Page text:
If there's a fixed rate of crashing per mile then driving more miles gives you a greater overall chance of being in [a crash].


The death rate per mile in the US is excessively high compared to similarly developed nations, too. This is wrong, and should be fixed.
posted by ambrosen at 10:06 AM on July 25, 2013 [1 favorite]


ambrosen, don't people in rural America literally drive more miles per year than people in western Europe? On an anecdotal level I'm constantly hearing that sort of claim.
posted by titus n. owl at 10:11 AM on July 25, 2013


Oh, I'm sorry, you SAID "per mile." I apologize for not reading properly. Do you have numbers?
posted by titus n. owl at 10:12 AM on July 25, 2013


I'm shocked that people in rural areas are more likely to work with dangerous agricultural equipment. I mean just the other day I was talking to my friend about how often we have to cut down trees and bush-hog our apartment complex and he told me all about how much he hates when his combine gets stuck in rush hour traffic, shocking!
posted by The 10th Regiment of Foot at 10:17 AM on July 25, 2013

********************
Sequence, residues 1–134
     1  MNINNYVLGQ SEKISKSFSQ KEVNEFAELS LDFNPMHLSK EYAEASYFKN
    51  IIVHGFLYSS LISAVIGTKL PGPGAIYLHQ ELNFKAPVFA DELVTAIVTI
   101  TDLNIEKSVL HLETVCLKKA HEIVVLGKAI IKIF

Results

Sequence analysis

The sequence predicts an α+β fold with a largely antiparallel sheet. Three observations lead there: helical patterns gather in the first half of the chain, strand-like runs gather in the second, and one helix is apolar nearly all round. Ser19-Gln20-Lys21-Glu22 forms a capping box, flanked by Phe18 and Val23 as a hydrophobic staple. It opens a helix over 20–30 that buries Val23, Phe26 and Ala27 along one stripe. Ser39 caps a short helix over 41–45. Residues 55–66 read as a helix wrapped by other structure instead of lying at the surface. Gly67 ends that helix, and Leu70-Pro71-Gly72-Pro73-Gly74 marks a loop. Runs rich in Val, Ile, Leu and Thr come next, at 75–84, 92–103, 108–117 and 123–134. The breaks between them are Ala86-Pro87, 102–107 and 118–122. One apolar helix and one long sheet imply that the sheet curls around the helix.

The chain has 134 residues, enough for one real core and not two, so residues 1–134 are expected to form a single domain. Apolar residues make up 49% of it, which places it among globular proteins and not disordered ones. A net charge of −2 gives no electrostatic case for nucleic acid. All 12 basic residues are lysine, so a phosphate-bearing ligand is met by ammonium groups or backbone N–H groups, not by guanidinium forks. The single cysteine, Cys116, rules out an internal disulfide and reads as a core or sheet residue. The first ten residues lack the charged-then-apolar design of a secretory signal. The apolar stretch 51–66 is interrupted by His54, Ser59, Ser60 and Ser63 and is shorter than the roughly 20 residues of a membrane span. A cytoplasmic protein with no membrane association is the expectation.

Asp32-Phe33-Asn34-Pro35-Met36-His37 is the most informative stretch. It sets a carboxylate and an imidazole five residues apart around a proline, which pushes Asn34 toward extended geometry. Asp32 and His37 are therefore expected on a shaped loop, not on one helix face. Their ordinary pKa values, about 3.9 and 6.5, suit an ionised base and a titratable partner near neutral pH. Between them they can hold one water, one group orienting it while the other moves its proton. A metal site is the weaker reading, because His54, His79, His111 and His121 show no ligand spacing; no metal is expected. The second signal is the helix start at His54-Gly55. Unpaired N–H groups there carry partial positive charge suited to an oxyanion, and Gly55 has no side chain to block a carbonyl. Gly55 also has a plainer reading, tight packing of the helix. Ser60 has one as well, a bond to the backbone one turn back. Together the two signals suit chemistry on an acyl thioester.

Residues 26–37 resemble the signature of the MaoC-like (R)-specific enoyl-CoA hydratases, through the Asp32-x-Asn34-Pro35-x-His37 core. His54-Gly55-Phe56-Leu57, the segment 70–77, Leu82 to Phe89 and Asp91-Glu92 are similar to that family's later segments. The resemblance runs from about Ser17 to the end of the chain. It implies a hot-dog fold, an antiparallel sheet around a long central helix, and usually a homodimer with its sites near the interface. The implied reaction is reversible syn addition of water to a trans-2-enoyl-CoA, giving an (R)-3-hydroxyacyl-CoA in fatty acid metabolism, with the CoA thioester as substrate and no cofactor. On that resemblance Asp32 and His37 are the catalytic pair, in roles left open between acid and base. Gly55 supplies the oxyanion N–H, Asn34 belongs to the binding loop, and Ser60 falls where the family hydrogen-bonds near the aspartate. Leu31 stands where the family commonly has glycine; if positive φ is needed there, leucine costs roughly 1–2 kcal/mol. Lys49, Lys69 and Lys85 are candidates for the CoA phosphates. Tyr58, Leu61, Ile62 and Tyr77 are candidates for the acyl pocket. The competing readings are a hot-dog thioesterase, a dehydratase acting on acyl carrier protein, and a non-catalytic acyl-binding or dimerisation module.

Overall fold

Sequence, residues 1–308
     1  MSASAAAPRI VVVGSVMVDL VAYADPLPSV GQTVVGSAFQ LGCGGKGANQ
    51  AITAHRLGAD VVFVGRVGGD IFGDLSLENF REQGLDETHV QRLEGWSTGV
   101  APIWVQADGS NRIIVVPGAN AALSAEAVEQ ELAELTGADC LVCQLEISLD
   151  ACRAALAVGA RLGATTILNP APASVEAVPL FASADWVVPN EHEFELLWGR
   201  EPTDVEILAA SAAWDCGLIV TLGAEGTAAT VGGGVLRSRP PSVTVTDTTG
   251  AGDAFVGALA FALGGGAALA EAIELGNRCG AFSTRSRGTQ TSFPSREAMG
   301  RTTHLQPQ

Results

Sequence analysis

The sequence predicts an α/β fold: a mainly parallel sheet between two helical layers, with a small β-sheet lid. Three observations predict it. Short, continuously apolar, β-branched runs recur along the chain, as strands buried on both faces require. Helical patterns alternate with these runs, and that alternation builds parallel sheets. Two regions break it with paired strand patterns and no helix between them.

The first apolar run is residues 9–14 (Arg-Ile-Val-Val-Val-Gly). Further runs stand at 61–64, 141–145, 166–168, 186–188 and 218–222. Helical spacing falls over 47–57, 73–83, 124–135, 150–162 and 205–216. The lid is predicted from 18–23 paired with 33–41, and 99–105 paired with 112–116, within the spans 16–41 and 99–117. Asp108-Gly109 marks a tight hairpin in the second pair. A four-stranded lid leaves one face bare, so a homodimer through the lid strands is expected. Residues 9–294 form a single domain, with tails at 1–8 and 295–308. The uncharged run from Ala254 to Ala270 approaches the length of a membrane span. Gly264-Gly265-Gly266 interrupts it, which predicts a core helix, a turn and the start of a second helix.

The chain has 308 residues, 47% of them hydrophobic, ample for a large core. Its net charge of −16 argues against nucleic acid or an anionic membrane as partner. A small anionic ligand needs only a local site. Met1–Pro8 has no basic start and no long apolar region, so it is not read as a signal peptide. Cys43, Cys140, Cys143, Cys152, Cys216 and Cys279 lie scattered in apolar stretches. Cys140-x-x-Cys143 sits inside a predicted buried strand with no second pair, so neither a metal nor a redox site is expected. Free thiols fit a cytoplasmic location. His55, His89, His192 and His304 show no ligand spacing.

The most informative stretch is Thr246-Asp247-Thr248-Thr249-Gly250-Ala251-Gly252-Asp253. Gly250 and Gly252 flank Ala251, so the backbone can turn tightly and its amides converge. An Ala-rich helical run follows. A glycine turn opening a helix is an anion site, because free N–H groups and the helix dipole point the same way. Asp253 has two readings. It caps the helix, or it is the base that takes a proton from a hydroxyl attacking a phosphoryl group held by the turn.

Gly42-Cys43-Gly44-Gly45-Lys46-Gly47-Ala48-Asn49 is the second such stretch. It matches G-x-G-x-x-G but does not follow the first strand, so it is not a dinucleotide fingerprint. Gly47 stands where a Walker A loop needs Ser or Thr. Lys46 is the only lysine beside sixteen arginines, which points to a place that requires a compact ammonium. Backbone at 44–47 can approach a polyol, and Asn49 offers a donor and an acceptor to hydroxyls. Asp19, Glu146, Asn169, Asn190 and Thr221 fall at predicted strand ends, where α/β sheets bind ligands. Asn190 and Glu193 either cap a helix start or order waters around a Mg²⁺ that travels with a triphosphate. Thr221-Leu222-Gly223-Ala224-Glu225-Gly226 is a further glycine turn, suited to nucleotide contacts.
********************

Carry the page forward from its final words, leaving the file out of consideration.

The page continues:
Sooo, quick hypothetical here: If I eliminate one of the legs of the tripod, is everything drastically changed statistically? Like, I can still get fucked up on whatever suits my fancy while strapped to the gills like a boss as long as I'm rolling around on a bicycle in my rural township?
posted by NoRelation at 10:26 AM on July 25, 2013


If my town is any indication, probably.
posted by jessamyn at 10:28 AM on July 25, 2013 [1 favorite]


Like, I can still get fucked up on whatever suits my fancy while strapped to the gills like a boss as long as I'm rolling around on a bicycle in my rural township?

Why would that be so far outside the norm? I've lived in plenty of rural townships and what you describe is usually called "Tuesday".